You probably know him best as that guy who fans want to see enter home games when the Knicks are up 20 something points, but Roger Mason Jr. is also the Player’s Association vice president. After making some downbeat comments regarding the upcoming lockout, Mason’s now in the news for much more than anything basketball related.
This from ESPN:
Mason pointed to two major disagreements that the players’ union has with the owners’ recent proposal: The owners’ desire for a hard salary cap and their proposed split of the league’s basketball-related income between owners and players.
“We’ve got to understand we’re going to have to take some skin of the game, just because the forecast in America right now is not great,” Mason said. “We understand the landscape has changed since the last deal, so we’re willing to make concessions, but I think what the owners are asking right now is just way too much, and it’s above and beyond [the money] they’re losing.
Maybe it’s just my naive nature, but I never tend to stress about labor disputes when it comes to professional sports; things always have a way of working themselves out. However, once these fantastic Finals end, those comments by Mason will begin to look very, very scary. Unlike the NFL, which recently made an estimated 4.3 gazillion dollars, what the NBA most seeks through its labor negotiations is parity. The owners aren’t so much greedy as they’d just like to protect themselves from themselves: No more ridiculous Gilbert Arenas-like contracts allowed.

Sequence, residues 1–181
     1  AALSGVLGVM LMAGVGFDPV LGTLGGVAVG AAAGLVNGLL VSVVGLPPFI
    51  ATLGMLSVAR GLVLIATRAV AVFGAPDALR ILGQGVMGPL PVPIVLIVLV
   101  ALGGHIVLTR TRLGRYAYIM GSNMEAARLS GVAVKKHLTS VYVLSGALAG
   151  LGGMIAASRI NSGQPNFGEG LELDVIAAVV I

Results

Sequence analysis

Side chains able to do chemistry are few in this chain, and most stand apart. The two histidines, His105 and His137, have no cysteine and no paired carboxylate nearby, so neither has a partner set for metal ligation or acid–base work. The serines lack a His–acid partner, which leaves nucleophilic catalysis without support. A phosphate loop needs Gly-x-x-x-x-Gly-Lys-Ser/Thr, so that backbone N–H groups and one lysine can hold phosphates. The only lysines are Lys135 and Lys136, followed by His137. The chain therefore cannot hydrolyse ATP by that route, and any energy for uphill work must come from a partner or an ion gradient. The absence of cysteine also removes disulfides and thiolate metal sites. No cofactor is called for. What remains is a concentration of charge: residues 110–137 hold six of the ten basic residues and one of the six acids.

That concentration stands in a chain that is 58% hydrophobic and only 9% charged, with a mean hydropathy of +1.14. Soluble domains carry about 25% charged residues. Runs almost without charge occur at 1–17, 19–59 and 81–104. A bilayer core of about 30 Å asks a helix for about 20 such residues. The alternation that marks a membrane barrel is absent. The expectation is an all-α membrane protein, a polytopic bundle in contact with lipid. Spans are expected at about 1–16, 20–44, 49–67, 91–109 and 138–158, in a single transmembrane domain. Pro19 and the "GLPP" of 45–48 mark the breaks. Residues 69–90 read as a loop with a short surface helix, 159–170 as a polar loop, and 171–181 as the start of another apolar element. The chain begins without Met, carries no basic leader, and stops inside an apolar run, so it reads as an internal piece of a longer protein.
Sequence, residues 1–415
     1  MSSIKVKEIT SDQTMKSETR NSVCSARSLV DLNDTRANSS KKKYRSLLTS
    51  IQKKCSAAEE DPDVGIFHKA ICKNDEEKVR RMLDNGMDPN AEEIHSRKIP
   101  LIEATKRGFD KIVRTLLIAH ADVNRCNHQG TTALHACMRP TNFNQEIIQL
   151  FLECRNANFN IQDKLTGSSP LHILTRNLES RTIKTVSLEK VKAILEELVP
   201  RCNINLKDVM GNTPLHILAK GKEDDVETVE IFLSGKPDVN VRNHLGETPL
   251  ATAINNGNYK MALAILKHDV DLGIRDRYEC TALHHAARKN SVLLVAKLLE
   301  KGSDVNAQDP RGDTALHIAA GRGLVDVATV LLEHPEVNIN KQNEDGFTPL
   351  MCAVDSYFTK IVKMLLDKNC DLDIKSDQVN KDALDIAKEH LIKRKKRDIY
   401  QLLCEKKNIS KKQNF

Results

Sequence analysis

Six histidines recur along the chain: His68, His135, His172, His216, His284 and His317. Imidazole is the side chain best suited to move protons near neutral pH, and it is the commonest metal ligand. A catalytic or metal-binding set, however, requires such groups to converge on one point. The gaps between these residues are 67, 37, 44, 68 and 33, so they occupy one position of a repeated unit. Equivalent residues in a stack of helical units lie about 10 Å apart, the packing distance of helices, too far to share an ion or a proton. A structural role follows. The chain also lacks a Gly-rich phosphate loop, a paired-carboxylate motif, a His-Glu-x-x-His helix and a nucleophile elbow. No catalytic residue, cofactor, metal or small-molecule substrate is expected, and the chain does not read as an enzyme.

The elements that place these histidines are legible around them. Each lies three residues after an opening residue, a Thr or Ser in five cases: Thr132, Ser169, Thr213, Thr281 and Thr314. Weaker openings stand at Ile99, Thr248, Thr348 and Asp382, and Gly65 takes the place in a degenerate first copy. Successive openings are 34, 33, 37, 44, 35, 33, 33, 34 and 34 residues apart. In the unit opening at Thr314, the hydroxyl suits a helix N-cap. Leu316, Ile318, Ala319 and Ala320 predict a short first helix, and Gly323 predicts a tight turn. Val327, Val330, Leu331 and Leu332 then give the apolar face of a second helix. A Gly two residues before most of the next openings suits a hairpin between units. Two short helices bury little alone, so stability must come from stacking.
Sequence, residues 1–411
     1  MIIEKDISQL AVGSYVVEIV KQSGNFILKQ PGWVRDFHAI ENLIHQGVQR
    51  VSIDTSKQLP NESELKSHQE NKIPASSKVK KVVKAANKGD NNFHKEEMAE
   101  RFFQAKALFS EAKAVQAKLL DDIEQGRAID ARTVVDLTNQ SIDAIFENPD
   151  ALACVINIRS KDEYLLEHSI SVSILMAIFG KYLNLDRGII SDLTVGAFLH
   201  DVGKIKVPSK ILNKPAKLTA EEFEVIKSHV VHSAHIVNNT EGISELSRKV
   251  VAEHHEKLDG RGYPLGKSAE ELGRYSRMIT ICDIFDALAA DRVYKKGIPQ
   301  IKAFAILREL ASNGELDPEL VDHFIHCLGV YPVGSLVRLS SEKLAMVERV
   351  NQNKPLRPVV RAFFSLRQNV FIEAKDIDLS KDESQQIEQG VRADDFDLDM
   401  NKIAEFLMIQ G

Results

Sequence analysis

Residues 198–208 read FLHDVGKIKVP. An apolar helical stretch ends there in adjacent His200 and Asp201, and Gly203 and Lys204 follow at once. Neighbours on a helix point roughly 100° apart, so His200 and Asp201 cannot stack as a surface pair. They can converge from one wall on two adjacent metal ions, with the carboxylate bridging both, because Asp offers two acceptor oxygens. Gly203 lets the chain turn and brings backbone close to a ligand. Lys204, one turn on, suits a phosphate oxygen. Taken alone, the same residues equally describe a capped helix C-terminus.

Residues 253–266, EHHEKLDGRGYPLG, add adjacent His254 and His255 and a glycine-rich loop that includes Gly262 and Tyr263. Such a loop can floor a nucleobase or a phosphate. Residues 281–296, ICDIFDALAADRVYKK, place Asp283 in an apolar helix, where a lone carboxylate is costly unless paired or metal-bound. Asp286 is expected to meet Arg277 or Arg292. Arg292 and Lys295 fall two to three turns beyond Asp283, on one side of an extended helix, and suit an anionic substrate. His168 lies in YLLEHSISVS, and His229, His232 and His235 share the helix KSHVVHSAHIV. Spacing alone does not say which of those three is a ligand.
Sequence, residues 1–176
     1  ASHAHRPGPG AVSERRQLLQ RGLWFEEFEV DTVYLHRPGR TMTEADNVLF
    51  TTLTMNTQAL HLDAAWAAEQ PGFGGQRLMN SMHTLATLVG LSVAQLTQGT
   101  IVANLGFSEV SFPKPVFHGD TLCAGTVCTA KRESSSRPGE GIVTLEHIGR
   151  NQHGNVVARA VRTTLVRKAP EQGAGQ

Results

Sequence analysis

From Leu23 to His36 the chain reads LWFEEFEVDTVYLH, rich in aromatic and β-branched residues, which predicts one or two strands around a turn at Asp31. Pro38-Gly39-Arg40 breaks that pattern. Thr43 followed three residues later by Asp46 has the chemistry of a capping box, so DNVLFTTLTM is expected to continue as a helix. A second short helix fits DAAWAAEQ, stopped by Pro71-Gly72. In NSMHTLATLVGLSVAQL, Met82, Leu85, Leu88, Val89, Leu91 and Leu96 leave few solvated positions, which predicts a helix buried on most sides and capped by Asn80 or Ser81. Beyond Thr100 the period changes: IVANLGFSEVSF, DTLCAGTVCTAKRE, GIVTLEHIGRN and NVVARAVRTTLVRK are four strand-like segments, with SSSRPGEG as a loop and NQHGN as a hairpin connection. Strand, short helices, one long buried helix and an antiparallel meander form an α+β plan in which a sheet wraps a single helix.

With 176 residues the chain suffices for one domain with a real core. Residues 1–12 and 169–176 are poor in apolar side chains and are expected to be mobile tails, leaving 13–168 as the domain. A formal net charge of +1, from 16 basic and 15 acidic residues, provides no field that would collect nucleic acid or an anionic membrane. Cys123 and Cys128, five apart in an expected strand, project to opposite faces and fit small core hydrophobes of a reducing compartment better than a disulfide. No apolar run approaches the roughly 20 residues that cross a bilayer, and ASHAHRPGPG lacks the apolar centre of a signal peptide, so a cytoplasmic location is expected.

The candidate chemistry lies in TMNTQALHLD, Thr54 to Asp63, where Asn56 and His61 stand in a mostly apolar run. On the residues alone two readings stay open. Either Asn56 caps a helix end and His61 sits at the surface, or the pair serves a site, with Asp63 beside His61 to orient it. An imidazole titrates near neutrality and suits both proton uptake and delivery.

Their issue with parity makes sense. The more unpredictable the sporting event the more interest it attracts. The league was great this season in that nobody knew what was going to happen; Memphis defeated San Antonio and it wasn’t considered a shocking upset. All that giving Travis Outlaw a monster contract does is tie down a team’s salary cap, alienate a fan base, and water down competitive play. Nobody wants that to happen except Travis Outlaw.
Hopefully Roger Mason proves to be as prophetic as he is capable of defending on the perimeter.